10.05.09 10:56 PM ET
Another Side of Safire
Like most Americans, I knew William Safire through his public biography: the “kitchen debate,” the “nattering nabobs,” the political commentary, the columns on language. But since coming to the National Endowment for the Arts, I have discovered a different aspect of Mr. Safire’s legacy.
In March 2006, delivering the annual Nancy Hanks Lecture on Arts and Public Policy in Washington, Mr. Safire posed the following question: “What's a longtime vituperative right-wing scandalmonger doing talking to this audience about the value of education in the arts and the need for a new relevance in the presentation of the classics?”
Was his interest in arts education surprising? It probably shouldn’t have been. As a highly disciplined writer, and as a Pulitzer board member and a past winner, Mr. Safire could easily evaluate the weight of every word, the pace and sway of poetry and drama.
Was his interest in arts education surprising? It probably shouldn’t have been. As a highly disciplined writer, and as a Pulitzer board member and a past winner, Mr. Safire could easily evaluate the weight of every word, the pace and sway of poetry and drama. And he was around when Richard Nixon–at the height of the Vietnam War–doubled the NEA’s budget. (Nixon was himself a pianist whose performances can be found even today on YouTube.)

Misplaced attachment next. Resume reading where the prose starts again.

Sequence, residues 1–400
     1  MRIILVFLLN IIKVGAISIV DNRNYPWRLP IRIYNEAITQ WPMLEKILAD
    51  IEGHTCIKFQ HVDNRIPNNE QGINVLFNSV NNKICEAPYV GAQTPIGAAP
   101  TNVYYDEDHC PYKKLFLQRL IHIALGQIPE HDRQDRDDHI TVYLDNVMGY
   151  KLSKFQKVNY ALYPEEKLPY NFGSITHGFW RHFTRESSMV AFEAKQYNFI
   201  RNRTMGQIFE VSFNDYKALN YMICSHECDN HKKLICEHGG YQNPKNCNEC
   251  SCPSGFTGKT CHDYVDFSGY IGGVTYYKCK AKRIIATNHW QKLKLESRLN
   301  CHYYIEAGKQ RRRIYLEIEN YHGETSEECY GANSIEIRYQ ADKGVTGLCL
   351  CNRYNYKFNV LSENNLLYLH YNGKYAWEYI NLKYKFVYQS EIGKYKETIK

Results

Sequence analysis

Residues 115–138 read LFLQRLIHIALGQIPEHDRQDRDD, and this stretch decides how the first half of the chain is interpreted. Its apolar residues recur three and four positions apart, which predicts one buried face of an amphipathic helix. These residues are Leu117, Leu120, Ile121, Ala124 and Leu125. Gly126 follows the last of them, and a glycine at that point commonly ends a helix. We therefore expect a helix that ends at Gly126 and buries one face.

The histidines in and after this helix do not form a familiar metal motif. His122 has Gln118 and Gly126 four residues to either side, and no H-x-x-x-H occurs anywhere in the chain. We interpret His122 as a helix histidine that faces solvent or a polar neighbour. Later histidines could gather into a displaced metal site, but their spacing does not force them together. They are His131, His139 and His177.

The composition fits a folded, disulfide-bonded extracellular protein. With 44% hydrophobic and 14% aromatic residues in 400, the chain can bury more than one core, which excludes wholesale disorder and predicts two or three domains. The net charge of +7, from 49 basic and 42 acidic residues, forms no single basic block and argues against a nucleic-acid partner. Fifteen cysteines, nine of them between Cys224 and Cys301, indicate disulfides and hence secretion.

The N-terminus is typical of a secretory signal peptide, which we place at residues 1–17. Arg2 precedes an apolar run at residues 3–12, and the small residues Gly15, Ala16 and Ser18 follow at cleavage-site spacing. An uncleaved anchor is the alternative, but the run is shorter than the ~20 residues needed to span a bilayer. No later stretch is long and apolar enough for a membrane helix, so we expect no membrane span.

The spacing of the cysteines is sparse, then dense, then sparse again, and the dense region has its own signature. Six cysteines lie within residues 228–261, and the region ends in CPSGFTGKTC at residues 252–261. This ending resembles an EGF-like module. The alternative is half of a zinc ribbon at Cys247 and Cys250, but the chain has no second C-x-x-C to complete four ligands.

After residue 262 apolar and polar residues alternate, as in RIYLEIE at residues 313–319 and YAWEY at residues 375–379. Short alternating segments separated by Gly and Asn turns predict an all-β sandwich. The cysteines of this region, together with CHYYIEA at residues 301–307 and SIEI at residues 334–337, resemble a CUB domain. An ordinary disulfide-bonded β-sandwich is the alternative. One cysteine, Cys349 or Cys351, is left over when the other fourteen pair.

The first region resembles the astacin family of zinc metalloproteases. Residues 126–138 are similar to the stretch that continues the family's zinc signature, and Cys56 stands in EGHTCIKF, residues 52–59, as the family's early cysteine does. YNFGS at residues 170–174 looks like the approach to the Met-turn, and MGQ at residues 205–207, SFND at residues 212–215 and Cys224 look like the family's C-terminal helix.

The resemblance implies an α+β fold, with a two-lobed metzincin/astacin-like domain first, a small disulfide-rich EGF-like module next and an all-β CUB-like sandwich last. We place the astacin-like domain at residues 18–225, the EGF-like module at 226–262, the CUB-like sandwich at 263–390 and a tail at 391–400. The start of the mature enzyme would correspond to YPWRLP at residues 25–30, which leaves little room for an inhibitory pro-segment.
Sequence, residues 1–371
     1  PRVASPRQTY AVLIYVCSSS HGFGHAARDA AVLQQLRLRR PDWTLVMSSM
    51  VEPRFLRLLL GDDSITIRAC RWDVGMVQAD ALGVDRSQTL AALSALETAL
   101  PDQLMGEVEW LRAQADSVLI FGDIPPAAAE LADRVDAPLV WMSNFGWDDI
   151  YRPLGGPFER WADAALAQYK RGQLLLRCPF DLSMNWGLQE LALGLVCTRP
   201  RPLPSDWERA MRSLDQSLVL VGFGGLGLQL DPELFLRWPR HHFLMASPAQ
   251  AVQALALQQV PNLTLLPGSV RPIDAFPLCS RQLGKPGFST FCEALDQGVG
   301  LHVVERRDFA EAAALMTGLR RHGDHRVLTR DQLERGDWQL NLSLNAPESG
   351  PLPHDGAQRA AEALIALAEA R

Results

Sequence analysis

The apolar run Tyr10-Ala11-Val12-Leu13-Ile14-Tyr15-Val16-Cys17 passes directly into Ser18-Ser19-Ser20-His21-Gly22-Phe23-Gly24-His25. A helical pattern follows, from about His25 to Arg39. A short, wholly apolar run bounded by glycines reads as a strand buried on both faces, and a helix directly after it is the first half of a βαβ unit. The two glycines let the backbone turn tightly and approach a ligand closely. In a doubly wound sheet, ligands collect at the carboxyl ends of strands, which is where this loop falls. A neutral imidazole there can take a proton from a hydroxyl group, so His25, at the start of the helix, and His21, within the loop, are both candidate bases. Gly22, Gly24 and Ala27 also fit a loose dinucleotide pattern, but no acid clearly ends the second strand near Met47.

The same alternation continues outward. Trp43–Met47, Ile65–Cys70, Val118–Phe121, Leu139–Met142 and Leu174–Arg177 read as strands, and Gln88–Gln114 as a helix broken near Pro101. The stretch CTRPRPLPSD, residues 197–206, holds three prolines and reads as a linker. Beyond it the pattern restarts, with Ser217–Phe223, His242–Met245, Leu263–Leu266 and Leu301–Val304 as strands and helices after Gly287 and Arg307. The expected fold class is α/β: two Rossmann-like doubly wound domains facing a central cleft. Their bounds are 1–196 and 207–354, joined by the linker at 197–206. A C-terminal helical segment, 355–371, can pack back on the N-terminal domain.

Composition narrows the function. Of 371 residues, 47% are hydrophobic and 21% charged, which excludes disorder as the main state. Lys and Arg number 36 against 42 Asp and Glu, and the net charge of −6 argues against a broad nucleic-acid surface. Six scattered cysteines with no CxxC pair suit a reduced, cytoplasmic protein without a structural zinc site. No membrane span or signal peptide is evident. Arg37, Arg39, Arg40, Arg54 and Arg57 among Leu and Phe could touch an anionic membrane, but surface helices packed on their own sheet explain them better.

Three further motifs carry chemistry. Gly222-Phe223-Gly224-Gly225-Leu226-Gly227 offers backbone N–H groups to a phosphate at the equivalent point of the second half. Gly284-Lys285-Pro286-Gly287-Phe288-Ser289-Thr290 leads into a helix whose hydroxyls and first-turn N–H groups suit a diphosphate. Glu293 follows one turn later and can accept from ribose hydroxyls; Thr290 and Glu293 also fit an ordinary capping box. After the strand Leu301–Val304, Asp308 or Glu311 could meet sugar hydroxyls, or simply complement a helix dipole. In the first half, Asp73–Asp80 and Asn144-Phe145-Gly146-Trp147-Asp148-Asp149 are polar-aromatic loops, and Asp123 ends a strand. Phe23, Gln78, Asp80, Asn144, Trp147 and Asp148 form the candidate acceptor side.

But although Mr. Safire did some of his most memorable writing at a time when a country torn apart by political debate came together in its support of the arts, the arts did not so often appear in his public life until he became chairman of the Dana Foundation, a philanthropic organization that supports brain research and arts education. And it is his work at the foundation–specifically his sometimes-overlooked achievement of encouraging top neuroscientists to study arts education–that I want to recognize publicly.
• Morton Janklow remembers Safire So let’s return to Mr. Safire’s lecture. He continued past his opening question to worry about school budgets and, specifically, the too-often precarious position of the arts within them: “[I]n many school districts that are hard-pressed for money, the teaching of the arts is treated as a fringe benefit—nice if you can afford it, but the first area that the school board cuts when budgets tighten. And you can hardly blame the harried budgeteers for asking: How do we know if training in the arts makes you any smarter? School is all about teaching the brain to learn. Art may be fun, they say, but math, science, reading comprehension—those are the subjects that build the brain, and those can accurately be tested for progress.”
It was at the Dana Foundation that Mr. Safire dug into these questions (and perhaps returned to a line of inquiry that began when he was a student at the Bronx High School of Science): “[I]sn't there a way to prove that the study of the arts is also important in brain development? Put in more scientific terminology: Can the latest imaging techniques that enable us to see functional activity inside our brains help us determine if its physical connections are somehow strengthened by studious exposure to the arts?”